Mumbai's Dhobi Toil With Laundry

In Mumbai, India, a caste of people toil away doing the city's laundry by hand. It is grueling work, often done in 100-degree heat by hundreds of men, women and some children who beat the laundry on rocks they rent for $8 a month. They are Dhobis, a Hindu caste born to the job.

Copyright © 2007 NPR. For personal, noncommercial use only. See Terms of Use. For other uses, prior permission required.

RENEE MONTAGNE, host:

Now, to India and the city of Mumbai where an entire cast of people toil away doing the city's laundry by hand. NPR's Laura Sydell takes us to visit them at the edge of the river where they work.

LAURA SYDELL: As in any motor and bus when the city traffic is thick in Mumbai. Every day, more high rises spring up top house the city's 16 million people. The economy is running so fast that there aren't enough hotels for the foreign business travelers. And those hotels still do their laundry the old-fashioned way.

(Soundbite of pounding)

SYDELL: Every day, hundreds of muscled, rail-thin men and women beat and scrub laundry by hand in a big open space in downtown Mumbai.

It is grueling work, usually done in 100-degree heat. These are the Dhobis, a Hindu caste, born into the job of doing laundry.

Mr. RAHMAN REN: (Hindi spoken)

SYDELL: Rahman Ren(ph) says his parents, grandparents and great-grandparents were all Dhobis. Ren has been working in Mumbai since 1969. He and his wife and the hundreds of Dhobis at Sat Rasta, as this place is called, wake every morning at 3:00 a.m. to put clothes and linens into a large basket of water and detergent. They soak it for eight or nine hours and then they begin to scrub and beat the laundry against rocks.

Mr. REN: (Hindi spoken)

SYDELL: Ren says sometimes his hands get so dry from the washing chemicals that they crack and bleed. For his efforts, he says, he and his wife make around $130 a month. Most of the Dhobis who work in Sat Rasta also live on the ground in small illegal one-room huts. The only rent they pay, about $8 a month. It's for the stones where they beat the laundry.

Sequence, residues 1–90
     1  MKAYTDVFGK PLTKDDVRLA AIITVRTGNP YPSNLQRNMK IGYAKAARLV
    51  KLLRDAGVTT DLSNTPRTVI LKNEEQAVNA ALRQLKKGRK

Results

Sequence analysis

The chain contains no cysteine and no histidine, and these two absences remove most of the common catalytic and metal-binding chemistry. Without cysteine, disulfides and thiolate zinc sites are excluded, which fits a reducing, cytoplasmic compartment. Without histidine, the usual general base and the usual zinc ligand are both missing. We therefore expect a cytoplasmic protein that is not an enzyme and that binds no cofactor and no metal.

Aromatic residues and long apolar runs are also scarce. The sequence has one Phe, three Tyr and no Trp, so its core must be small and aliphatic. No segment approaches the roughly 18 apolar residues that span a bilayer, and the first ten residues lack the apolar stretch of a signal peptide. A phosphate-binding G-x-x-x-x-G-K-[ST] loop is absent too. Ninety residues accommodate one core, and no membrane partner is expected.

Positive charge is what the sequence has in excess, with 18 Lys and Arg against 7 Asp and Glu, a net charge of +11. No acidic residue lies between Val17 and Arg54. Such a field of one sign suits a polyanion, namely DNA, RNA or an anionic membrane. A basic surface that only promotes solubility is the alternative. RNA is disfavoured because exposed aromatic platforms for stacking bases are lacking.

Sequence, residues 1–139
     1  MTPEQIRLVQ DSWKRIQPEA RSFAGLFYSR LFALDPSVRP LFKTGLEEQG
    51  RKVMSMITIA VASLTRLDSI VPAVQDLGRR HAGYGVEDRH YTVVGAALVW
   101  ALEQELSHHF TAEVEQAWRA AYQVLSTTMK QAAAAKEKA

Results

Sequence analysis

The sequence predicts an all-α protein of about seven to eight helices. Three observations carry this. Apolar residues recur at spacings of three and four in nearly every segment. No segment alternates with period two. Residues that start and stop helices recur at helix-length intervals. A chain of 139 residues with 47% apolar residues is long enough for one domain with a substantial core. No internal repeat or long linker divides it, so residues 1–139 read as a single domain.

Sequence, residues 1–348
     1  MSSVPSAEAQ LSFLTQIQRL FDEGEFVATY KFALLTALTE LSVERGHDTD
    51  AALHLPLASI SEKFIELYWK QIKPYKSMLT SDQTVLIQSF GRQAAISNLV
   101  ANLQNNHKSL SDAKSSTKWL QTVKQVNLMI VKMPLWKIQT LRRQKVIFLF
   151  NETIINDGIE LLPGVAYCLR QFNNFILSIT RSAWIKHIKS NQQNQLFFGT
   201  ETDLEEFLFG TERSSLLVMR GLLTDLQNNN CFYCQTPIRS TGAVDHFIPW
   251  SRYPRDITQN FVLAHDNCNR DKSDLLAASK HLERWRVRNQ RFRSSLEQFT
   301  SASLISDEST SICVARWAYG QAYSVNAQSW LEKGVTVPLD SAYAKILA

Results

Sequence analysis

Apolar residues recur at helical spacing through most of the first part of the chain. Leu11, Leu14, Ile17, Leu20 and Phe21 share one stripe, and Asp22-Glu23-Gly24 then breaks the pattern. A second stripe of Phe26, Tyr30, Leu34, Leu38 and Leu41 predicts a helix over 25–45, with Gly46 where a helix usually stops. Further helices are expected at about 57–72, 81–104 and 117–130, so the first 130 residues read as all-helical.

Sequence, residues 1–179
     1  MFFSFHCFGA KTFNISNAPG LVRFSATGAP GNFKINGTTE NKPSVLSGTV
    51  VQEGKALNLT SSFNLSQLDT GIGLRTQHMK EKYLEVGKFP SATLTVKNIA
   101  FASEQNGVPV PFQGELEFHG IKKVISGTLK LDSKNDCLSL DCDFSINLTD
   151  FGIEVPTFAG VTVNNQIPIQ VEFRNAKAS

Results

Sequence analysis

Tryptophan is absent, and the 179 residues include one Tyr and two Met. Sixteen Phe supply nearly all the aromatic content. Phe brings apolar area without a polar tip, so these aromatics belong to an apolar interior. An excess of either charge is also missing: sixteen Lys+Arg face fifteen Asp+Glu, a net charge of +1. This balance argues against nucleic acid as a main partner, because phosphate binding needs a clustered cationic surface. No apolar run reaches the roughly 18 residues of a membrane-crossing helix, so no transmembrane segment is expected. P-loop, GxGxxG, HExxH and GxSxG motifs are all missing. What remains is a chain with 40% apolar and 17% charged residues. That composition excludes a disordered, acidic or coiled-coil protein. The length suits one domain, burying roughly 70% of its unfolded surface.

(Soundbite of pounding)

SYDELL: But in an age of washing machines and expanding economy, it's not clear how much longer the Dhobis will be here. Ren's three sons are in school studying computers. There are children who work here. Twelve-year-old Saktha Naresh(ph) works as a Dhobi for part of the day, but he's also in school.

Mr. SAKTHA NARESH: (Hindi spoken)

SYDELL: Naresh wants to be a policeman. Other young people here think about jobs in the tech industry. Despite the changing economy, Rahman Ren believes they will always be Dhobis.

Mr. REN: (Hindu spoken)

SYDELL: He's not afraid of competition from washing machines because he says, the laundry done by Dhobis is cleaner, and in a country with more people than jobs, hand washing is cheaper.

When today's laundry dries, Ren will press it and deliver it with a hand card to a center where it's then sent back to the city's hotels.

Mr. REN: (Hindu spoken)

SYDELL: Ren says he likes his job because he's hoping to keep the world clean. As long as Ren is around, there will be at least one Dhobi at work since he isn't likely to have enough money to retire unless his children get one of those high-tech jobs and support him in his old age.

Laura Sydell, NPR News.

Copyright © 2007 NPR. All rights reserved. No quotes from the materials contained herein may be used in any media without attribution to NPR. This transcript is provided for personal, noncommercial use only, pursuant to our Terms of Use. Any other use requires NPR's prior permission. Visit our permissions page for further information.

NPR transcripts are created on a rush deadline by a contractor for NPR, and accuracy and availability may vary. This text may not be in its final form and may be updated or revised in the future. Please be aware that the authoritative record of NPR's programming is the audio.

Comments

 

Please keep your community civil. All comments must follow the NPR.org Community rules and terms of use, and will be moderated prior to posting. NPR reserves the right to use the comments we receive, in whole or in part, and to use the commenter's name and location, in any medium. See also the Terms of Use, Privacy Policy and Community FAQ.